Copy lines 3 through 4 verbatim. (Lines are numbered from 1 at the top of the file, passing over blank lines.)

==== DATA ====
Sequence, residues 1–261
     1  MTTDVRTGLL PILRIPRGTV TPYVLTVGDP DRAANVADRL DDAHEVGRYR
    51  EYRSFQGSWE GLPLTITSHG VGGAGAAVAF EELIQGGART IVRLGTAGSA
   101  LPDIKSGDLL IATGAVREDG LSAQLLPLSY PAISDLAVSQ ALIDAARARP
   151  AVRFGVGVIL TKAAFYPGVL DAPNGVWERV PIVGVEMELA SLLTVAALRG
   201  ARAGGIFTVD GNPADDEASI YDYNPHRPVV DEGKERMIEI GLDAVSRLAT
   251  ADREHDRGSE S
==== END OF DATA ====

    51  EYRSFQGSWE GLPLTITSHG VGGAGAAVAF EELIQGGART IVRLGTAGSA
   101  LPDIKSGDLL IATGAVREDG LSAQLLPLSY PAISDLAVSQ ALIDAARARP